Connor’s previous company, Lookit, used crowdsourcing to generate product sentiment data on fashion and beauty items. Connor has also served as the CEO and CoFounder of a home-services startup, which sought to modernize existing small businesses with simple, web-based tools. Before entrepreneurship, he studied Sociology and Micro-Social Theory at University of California, Merced and the University of Botswana.
Latest posts by Connor Bowlan (see all)
- The Holiday Season: Gone Mobile, And Well Under Way - November 16, 2015
- The Major Benefits of Location-Based Consumer Insights - September 19, 2015
- The “L” word for markers: Location. - July 21, 2015
Consumers turn to their smartphone for, well, everything. Day in and day out, it is the one thing we are constantly attached to. For consumers, immediacy is paramount. We want what we want, when we want it and where we want it.
Because of this, marketers are squaring off in a new battleground, the world of mobile enterprise. The market for location-based insights has rapidly grown in recent years, to the point where companies are being forced to change and evolve, or be left behind.
Print and digital advertisements are strategies of yesterday. While billboards and email blasts are the norm, do they really reach the right eyes? No. But mobile advertising does.
Mobile advertising is the future, specifically location-based advertising. Location-based advertising is any form of advertising that targets users in a specific location and provides them with geographically relevant ads. With each smartphone comes GPS, and companies are now targeting consumers as they travel through their daily life.
Mobile is a huge conversion opportunity for retailers to gain a competitive advantage over their rivals. By having a mobile presence, companies increase the possibility that customers will find their store on a mobile device and get the information they need to shop.
With their consumers having their smartphones on them at all points throughout the day, it allows companies a way to target their audience 24-hours of the day.
By knowing a customer’s location, it enables retailers to get the right message to the right person at the right time. Companies can go even further, by creating personalized offers for consumers based on their location and previous buying patterns. For example: if a person is within a certain radius of a Starbucks Coffee, Starbucks could send push notifications with a relevant offer to drive traffic into their store.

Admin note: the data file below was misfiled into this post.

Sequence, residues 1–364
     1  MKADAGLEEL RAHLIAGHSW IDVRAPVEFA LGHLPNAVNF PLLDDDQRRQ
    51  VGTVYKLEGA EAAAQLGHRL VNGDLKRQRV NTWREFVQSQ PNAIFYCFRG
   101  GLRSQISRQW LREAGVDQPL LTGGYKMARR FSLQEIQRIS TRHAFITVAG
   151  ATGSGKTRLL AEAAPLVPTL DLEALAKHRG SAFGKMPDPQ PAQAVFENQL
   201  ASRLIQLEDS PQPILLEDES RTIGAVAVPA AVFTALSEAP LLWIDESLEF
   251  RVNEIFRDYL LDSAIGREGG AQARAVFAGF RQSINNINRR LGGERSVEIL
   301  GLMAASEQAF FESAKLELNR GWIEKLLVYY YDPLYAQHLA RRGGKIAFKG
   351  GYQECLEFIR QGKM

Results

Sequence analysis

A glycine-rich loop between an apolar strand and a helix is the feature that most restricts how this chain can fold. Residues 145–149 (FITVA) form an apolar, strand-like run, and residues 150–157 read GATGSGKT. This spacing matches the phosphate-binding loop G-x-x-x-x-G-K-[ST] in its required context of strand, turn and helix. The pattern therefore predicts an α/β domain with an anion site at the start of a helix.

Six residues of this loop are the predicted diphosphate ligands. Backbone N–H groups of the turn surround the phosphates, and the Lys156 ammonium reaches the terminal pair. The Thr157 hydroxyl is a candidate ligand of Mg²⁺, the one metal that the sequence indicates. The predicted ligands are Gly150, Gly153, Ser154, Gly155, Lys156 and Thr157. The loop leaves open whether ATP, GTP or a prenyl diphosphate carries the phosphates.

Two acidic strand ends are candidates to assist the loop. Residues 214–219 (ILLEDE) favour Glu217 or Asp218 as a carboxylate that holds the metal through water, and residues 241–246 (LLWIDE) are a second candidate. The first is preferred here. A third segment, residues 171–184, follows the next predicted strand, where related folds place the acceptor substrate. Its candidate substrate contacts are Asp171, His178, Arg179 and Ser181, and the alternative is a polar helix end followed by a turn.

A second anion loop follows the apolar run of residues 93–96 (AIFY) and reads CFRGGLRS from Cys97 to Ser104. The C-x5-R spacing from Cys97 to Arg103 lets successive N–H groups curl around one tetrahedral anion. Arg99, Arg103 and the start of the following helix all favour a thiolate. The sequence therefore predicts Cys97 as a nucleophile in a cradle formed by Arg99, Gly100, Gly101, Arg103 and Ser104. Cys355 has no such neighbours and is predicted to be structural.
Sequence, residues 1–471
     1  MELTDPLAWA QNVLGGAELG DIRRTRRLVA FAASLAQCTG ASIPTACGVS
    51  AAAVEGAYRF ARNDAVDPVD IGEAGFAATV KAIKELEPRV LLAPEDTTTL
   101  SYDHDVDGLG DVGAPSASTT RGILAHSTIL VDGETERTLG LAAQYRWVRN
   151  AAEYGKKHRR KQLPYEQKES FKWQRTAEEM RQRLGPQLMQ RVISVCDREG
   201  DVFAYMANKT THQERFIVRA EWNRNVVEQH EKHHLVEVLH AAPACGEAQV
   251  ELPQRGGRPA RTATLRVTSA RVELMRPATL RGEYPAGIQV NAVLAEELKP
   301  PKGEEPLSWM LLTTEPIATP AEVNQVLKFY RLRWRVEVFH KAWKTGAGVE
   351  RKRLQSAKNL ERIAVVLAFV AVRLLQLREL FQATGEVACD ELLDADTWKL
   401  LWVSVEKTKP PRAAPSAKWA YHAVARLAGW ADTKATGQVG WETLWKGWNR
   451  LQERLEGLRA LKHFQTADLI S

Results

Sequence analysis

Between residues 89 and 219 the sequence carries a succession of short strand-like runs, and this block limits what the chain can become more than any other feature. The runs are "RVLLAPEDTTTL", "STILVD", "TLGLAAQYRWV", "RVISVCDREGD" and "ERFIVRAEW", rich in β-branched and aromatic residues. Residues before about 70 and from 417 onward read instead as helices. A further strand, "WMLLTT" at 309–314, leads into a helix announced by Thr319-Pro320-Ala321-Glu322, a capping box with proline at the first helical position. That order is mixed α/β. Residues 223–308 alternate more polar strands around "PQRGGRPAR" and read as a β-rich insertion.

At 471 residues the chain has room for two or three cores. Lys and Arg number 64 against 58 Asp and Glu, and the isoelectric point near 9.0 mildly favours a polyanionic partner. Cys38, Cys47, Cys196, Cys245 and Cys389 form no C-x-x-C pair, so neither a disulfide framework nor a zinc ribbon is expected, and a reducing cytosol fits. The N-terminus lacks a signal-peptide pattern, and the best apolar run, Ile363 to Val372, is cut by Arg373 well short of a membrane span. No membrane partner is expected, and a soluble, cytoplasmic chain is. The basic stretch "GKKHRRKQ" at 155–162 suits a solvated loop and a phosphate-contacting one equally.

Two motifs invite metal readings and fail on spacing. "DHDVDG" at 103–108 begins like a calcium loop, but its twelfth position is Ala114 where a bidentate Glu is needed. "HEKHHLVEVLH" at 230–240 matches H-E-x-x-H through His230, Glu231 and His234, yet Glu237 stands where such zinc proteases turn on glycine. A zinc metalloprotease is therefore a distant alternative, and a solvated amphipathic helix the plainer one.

Mobile: By the numbers
Taking into account all retail web sales on desktops, tablets, smartphones, etc., e-commerce in 2014 tallied $638 billion, according to Goldman Sachs. Of that, $204 billion was mobile commerce from smartphones and tablets alone. Goldman Sachs projects that by 2018 mobile-commerce will climb to $626 billion, almost equaling all of e-commerce in 2014.
- The United States has 180 million smartphone users
- Over 60% of those users have made a purchase via their smartphone in the last 6 months
- 80% of mobile users prefer locally relevant advertising and 75% are more likely to take an action after seeing a location-specific message (Source: Mobile Audience Insights Report)
- 78% of mobile searches for local business information result in a purchase (Source: Kissmetrics)
- 75% of mobile shoppers have used mobile coupons (Source: Kissmetrics)
So what does this mean? Well, other than the fact that there is an abundance of smartphones, it explains why companies are transforming their marketing and selling strategies. Knowing that four out of five mobile users are researching products in stores, and that three out of four use mobile coupons, companies can act. Using their consumers’ location and shopping habits, companies can send them push notifications and coupons while at or near their stores, allowing for higher conversion rates.
All successful companies work hard, but the key to engagement is working smarter. Personalization is the new normal in the world of mobile advertising, and we’re seeing this become more prevalent. It is critical for businesses to not only be able to compile data on their customers’ and potential customers’ location, but also to interpret the collected data.